5 Mistakes to Avoid if You Ever Want to Retire

People can spend their entire working lives dreaming about retirement. Retirement is a time to travel, to enjoy leisurely days, and to do the things we have always wanted to do. How comfortable our golden years will be depends a lot on how well we prepare for retirement. More and more often, would-be retirees are finding they must work long after they wish to retire because they did not save enough money to get by without working. If you want to avoid working into your 70s, here five common mistakes to avoid.

1. Start Planning Too Late

Most of us aren’t thinking about retirement when we first enter the work force.  Young workers believe they have plenty of time to save or that they can’t afford to put money towards retirement. But starting to plan for retirement as soon as possible can make a huge difference down the road. Every year sooner that a young worker starts saving for retirement takes about a year off how long they will have to work. Starting to plan for retirement too late can make it very difficult to make up the difference. Even if all you can only save a little, it is important to start saving as soon as possible.

2. Having Too Much Debt

It will be hard to make any serious plans for retirement if you’re struggling under a mountain of debt. It is important to include being smart about debt when you are planning for retirement. If possible, consolidate your debt. This could lower your monthly payments which would free up money you could put towards your retirement savings. If most of your debt is from credit cards with high interest rates, it may be worthwhile to look into refinancing that debt. Personal loans with fixed interest rates can help you save money by spending less on high interest debt.

3. Taking Money Out of Your 401(k)

It can be very tempting to cash out money from your 401(k), especially when sudden and expensive life events occur. A lot of people also end up cashing out their 401(k) when they leave a job. While using the money you have saved in your 401(k) before retirement can seem like a good idea at the time, it can really damage your ability to retire comfortably later. Early withdrawals can come with high penalties and taxes. In a financial emergency, it is better to take out a low-interest loan than cash out money from your 401(k). This will allow your retirement fund to remain untouched as it continues to grow. Another option is to borrow against your 401(k). This way, you are borrowing from yourself and paying yourself back as your 401(k) keeps growing.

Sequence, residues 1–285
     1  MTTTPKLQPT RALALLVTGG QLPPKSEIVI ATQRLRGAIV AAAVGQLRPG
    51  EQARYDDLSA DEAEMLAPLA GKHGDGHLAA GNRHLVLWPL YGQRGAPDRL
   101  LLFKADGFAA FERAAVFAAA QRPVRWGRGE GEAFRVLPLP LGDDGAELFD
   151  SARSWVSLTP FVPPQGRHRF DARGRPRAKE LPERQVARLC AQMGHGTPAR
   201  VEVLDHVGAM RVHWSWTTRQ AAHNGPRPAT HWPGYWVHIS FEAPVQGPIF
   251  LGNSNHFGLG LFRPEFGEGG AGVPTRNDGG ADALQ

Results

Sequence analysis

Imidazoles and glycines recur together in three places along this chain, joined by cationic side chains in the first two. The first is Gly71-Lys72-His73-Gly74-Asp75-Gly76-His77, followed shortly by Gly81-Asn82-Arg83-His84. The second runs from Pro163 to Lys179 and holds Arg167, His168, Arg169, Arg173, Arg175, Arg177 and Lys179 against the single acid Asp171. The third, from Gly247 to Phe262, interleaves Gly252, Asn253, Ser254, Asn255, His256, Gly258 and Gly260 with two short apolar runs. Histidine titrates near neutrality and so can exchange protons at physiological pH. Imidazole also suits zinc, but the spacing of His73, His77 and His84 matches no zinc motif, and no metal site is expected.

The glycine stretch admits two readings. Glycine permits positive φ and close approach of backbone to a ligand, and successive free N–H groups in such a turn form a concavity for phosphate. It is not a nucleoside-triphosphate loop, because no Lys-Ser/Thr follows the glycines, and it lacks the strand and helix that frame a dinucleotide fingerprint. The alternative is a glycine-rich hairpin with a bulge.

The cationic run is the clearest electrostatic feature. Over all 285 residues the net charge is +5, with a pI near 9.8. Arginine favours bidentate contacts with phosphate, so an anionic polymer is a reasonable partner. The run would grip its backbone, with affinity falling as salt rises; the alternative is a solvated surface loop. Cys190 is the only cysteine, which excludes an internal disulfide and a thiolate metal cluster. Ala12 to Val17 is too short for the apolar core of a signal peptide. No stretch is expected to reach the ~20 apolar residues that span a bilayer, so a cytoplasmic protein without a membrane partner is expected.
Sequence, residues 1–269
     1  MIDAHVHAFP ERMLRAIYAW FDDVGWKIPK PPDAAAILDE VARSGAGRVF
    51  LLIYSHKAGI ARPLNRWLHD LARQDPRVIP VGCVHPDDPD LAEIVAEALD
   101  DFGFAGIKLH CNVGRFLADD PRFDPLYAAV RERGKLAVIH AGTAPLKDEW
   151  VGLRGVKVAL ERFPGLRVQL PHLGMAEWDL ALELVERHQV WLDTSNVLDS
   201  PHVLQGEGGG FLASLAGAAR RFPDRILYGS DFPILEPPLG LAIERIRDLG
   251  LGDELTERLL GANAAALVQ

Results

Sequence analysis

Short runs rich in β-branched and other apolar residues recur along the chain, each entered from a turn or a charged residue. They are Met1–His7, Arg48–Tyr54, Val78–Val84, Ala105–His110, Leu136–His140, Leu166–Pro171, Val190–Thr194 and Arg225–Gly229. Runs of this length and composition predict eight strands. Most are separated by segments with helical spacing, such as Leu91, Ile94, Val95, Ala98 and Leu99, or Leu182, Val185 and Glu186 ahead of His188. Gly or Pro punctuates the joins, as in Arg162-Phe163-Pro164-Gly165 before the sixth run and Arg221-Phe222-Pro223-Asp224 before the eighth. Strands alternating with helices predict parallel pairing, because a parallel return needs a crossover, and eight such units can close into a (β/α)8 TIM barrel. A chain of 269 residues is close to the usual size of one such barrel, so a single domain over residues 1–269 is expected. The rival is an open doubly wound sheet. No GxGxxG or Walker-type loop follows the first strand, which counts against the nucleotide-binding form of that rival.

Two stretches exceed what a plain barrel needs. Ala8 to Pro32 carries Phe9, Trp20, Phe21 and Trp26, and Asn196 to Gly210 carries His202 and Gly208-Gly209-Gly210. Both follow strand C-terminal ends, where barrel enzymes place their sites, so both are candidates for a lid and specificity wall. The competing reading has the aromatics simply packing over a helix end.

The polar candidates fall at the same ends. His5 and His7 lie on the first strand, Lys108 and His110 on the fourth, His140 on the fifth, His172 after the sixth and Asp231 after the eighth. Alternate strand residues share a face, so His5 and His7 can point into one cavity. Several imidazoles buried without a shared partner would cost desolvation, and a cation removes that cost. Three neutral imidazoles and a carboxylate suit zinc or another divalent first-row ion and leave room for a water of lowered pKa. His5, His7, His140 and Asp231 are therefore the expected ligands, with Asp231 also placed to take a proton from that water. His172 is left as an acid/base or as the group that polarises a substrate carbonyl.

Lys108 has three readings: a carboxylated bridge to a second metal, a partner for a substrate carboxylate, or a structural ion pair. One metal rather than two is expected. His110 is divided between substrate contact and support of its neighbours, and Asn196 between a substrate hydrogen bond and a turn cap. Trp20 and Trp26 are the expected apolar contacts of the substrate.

4. Assuming Social Security Will Be Enough

The average Social Security retirement benefit is $1,411.00 per month which is about $17,000 per year. Assuming this will be enough, or even close to enough, to live off of in retirement can be a big mistake. If you earned more during your working years, you will collect more than that. However, the max benefit is $2,788 per month. For many retirees, this is simply not enough to pay for monthly bills, medical expenses, and other financial responsibilities.

5. Underestimating How Long Your Retirement Will Be

In the US, people tend to retire around age 62 or 63. Knowing when to retire can be hard as you do not want to retire too early and run out of money, but you also want to enjoy the personal benefits of retiring as early as you can. The hard part is you never know how long you will live into retirement. The money you saved might get you to 85, but what happens after that? On top of this, many people end up retiring earlier than they planned. Health reasons, downsizing, or a workplace closure can all cause older workers to retire early. For this reason, it is wise to work as long as possible.

The key to retiring well is to plan well. Get started as early as possible and follow these tips to ensure you can enjoy your golden years in peace and financial security. You work hard to provide for yourself and your family. Make sure all that hard work pays off in the end by taking steps towards your retirement goals today.

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